Paren(t)thesis — Digital footprints

Paren(t)thesis — Digital footprints

NEW Jill Maher Headshot Dec 2013

We make mundane daily decisions about children’s sleep, food, and clothing. One of the small but longest-lasting parenting decisions may be how much we share about our children. Unless you’re a blogger writing a column about your child in the local newspaper, the most likely place to create a digital heirloom for your child is social media.

The digital heirloom probably includes photos and videos. Kudos to you, if you’ve pulled this one off, and extra points, if you’re printing out photo books as keepsakes. I’ve got two caches of photos—for a while I stashed them on a hosting site and I printed books, though that habit of creating books only lasted about two years. I’ve got another set on Facebook. Oh, yeah, and a third set stored primarily on my phone, where they are automatically backed up. If our daughter gets interested in pictures from childhood, which seems likely, I hope I can patch together a good biography.

Some people are bothered when other people post pictures of their children, especially with tags that identify them. Some are even annoyed when the child’s own grandparents post pictures, for fear of pedophiles or other criminals, or feeling that the poster violated a private moment inside a home. In researching this column, I read about “an unwritten rule of parenting that you don’t post pictures of other people’s children.” I haven’t heard of that rule and would have to scroll through my own history to see if I’ve been violating it.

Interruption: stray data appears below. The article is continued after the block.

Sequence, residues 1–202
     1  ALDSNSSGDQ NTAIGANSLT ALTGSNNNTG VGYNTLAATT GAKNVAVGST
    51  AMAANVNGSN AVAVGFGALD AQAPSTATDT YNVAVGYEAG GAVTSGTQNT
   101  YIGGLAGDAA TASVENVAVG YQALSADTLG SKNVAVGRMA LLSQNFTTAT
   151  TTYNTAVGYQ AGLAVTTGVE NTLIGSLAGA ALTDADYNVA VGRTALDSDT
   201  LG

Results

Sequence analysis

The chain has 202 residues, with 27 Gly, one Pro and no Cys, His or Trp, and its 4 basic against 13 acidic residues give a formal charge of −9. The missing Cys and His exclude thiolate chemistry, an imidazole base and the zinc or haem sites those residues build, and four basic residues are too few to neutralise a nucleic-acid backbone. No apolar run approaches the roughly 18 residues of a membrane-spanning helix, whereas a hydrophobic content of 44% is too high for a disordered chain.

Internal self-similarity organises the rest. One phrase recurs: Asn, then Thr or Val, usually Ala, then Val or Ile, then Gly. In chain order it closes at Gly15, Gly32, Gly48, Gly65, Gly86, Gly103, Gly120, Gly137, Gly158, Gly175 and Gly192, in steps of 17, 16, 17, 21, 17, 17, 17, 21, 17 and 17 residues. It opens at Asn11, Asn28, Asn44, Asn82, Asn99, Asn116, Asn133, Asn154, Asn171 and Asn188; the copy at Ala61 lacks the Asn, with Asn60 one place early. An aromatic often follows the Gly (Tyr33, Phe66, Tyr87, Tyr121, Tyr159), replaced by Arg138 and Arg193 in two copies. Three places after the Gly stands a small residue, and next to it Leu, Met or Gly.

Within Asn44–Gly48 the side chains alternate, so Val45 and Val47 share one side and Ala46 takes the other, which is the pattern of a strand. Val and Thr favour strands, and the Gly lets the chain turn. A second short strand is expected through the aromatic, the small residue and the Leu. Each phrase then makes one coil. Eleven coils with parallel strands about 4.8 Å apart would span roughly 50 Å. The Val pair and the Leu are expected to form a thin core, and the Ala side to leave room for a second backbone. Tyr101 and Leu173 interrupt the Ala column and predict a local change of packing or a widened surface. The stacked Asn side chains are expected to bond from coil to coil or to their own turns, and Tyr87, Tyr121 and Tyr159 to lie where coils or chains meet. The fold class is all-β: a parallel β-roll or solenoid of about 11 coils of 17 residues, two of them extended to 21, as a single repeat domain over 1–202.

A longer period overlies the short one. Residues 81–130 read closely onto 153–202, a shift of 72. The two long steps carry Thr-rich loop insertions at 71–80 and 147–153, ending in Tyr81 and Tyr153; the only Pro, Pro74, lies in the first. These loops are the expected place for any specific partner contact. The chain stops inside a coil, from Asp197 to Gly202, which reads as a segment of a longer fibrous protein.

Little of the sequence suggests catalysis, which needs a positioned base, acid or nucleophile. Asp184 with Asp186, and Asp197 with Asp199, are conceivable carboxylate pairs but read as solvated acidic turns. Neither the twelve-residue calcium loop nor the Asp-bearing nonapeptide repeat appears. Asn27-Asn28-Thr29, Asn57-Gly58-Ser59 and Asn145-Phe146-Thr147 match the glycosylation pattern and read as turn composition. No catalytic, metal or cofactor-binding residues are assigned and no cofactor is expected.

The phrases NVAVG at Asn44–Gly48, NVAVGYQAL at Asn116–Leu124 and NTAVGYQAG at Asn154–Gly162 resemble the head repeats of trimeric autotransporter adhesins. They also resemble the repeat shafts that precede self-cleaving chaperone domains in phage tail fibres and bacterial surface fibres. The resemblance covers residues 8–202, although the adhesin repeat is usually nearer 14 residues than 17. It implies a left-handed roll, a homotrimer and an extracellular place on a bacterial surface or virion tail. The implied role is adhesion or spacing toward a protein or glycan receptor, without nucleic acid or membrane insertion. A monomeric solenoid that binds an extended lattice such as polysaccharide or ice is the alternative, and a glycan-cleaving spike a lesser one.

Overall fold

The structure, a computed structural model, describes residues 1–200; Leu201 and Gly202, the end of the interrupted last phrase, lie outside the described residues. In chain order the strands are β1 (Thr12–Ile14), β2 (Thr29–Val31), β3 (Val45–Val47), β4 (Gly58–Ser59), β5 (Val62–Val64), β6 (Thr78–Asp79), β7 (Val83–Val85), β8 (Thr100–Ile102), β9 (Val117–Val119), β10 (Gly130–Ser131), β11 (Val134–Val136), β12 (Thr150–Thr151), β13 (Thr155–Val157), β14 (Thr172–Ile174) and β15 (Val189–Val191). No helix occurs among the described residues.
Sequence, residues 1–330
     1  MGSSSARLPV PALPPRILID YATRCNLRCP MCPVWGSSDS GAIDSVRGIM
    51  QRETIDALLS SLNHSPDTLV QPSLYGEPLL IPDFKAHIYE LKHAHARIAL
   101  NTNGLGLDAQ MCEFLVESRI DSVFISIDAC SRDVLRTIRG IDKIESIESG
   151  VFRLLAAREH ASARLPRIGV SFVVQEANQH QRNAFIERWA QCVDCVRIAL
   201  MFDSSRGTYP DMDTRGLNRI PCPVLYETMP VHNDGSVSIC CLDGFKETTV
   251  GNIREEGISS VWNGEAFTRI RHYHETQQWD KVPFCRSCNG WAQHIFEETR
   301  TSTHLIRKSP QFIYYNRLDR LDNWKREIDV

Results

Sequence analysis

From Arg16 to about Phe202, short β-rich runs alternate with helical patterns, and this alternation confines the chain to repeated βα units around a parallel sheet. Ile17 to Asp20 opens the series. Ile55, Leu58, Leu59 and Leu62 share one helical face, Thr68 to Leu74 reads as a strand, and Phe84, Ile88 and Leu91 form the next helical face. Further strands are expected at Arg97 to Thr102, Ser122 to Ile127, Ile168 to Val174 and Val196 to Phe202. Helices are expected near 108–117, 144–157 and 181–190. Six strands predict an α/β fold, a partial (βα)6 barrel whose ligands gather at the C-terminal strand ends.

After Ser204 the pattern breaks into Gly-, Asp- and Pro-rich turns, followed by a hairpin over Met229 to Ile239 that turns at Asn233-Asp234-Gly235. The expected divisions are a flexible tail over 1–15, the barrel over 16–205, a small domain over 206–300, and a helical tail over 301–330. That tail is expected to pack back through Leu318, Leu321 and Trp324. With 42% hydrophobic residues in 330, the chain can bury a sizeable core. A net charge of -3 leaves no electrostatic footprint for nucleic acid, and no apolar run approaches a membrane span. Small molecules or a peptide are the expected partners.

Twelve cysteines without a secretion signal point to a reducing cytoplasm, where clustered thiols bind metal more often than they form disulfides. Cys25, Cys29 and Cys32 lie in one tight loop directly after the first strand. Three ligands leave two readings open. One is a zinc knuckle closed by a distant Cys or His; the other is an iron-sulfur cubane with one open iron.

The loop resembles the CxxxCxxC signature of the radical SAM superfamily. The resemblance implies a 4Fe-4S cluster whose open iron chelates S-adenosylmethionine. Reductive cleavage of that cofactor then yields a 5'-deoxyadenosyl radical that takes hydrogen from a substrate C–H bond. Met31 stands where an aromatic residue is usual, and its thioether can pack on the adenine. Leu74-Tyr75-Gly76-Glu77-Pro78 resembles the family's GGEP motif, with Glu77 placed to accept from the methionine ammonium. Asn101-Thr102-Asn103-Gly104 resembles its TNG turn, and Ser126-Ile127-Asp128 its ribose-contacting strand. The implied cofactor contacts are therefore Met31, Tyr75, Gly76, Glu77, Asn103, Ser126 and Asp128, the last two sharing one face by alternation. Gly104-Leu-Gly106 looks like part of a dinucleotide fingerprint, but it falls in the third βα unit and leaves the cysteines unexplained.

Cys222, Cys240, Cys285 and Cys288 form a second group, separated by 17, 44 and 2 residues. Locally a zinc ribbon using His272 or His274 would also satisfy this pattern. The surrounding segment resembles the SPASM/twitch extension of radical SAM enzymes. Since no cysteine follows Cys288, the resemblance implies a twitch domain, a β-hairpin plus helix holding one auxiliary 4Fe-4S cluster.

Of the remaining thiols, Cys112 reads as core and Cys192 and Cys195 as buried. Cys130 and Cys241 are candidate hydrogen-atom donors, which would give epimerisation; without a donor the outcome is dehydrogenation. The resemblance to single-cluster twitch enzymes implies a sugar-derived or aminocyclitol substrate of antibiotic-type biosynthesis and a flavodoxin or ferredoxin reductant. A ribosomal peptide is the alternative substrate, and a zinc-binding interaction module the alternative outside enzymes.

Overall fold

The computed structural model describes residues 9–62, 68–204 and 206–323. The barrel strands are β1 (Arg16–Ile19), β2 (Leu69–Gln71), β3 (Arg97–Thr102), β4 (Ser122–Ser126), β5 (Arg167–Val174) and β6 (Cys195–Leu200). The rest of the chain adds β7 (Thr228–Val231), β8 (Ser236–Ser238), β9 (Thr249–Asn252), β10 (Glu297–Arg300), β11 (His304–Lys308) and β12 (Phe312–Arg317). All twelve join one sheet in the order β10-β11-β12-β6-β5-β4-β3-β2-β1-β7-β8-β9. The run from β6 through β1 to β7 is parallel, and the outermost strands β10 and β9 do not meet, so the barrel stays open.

Far-thinking parents try to rein in their child’s online identity by grabbing online names on sites like Twitter and Facebook and then prohibiting pictures of children or limiting the pictures to ones which wouldn’t be embarrassing or humiliating down the road. To me, it’s very challenging to determine what could be fodder for a bully or a teaser in 10 years—in my own childhood they were amazingly innovative and could even makes jokes about common American middle names—but it’s worth considering.

Then there’s the “words” part of a digital legacy. This one is more fraught with concern for many parents. How much should we be sharing about our kids for both safety and privacy?

Sometimes my daughter hangs out with me while I scroll through my Facebook news feed on our huge home monitor, where she can easily read over my shoulder. Should she be seeing what other parents post about her friends?

When we post, even if it’s banal, should we be using our children’s names? When we do so, we’re leaving behind a that may live on indefinitely. I’ve partially addressed this by not using her first name online. Surely that’s not foolproof, but it seems like a logical step to take and one that a few friends employ. Perhaps it’s a tiny hedge against “bad guys” out to hurt kids or a hedge against embarrassment with future friends or even potential employers.

I often notice that it’s easy to feel uneasy in this new territory. Digital habits are one of the more difficult areas to navigate for ourselves, and now we need to guide our children as well.

Eleanore

Eleanore

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